On Tuesday, IJM helped local authorities rescue 10 children, women and men from slavery at a grueling rock-crushing facility in southern India.
These families had taken small monetary loans from the quarry owner, who then used impossible interest rates and constant violence to keep them under his control. He moved them around wherever work was available and forced them to work from dawn to dusk, breaking heavy rocks for hours on end.
One family had been trapped in bonded labor slavery at this quarry for the last six years. Two of their four young children were born in the facility, and the harsh conditions were all they had ever known. On the day of the rescue, injuries on their small bodies showed they, too, had been forced to work.
The second family had previously escaped the facility, when the owner allowed them to leave and take care of their sick father. Once he found out the father had died, however, he tracked the couple down, beat them, and brought them back to the facility to work.
The families lived in extremely poor conditions, with no electricity, proper shelter or adequate food. Children were not allowed to go to school. Everyone faced constant verbal and physical abuse from the quarry owner.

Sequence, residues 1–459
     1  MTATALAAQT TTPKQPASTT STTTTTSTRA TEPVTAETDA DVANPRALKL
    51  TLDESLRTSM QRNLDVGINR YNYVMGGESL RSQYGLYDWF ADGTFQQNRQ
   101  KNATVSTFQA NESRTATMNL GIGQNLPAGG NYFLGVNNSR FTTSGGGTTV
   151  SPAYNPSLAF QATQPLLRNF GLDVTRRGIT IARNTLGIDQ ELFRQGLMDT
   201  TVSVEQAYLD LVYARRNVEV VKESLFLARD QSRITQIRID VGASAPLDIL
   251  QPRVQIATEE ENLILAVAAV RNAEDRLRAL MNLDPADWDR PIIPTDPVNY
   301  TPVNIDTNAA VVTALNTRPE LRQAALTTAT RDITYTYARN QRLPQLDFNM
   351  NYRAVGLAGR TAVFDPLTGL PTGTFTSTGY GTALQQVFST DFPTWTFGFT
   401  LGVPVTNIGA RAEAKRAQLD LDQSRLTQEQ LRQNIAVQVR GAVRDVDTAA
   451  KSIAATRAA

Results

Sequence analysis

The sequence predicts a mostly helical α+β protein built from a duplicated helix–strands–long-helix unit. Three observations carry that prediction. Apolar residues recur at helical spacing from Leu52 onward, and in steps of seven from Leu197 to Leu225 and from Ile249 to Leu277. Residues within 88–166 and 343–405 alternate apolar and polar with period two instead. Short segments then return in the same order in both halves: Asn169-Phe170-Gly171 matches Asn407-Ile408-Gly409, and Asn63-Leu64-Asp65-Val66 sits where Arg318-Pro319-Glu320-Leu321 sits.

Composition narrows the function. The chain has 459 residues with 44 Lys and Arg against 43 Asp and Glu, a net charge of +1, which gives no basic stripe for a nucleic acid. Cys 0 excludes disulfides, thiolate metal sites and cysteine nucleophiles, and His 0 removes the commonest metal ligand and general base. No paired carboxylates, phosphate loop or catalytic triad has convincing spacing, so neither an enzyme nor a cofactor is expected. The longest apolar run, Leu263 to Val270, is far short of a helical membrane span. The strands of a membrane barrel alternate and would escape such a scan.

The IJM-trained government officials working on the case were deeply moved by the harsh conditions these families faced, and they moved quickly into action to bring them to safety. All six adults were issued official release certificates to absolve the false debts used to control them. The laborers also received rehabilitation funds to help start their lives in freedom.
From here, IJM will help the families return to their home villages and find safe housing and dignified work. They will join our two-year aftercare program to equip them with life skills, job training and hope for the future.
International Justice Mission is the world’s largest international anti-slavery organization, working to end modern-day slavery, human trafficking and other forms of violence against the poor by rescuing and restoring victims, restraining perpetrators, and transforming broken public justice systems. Learn more at www.ijm.org.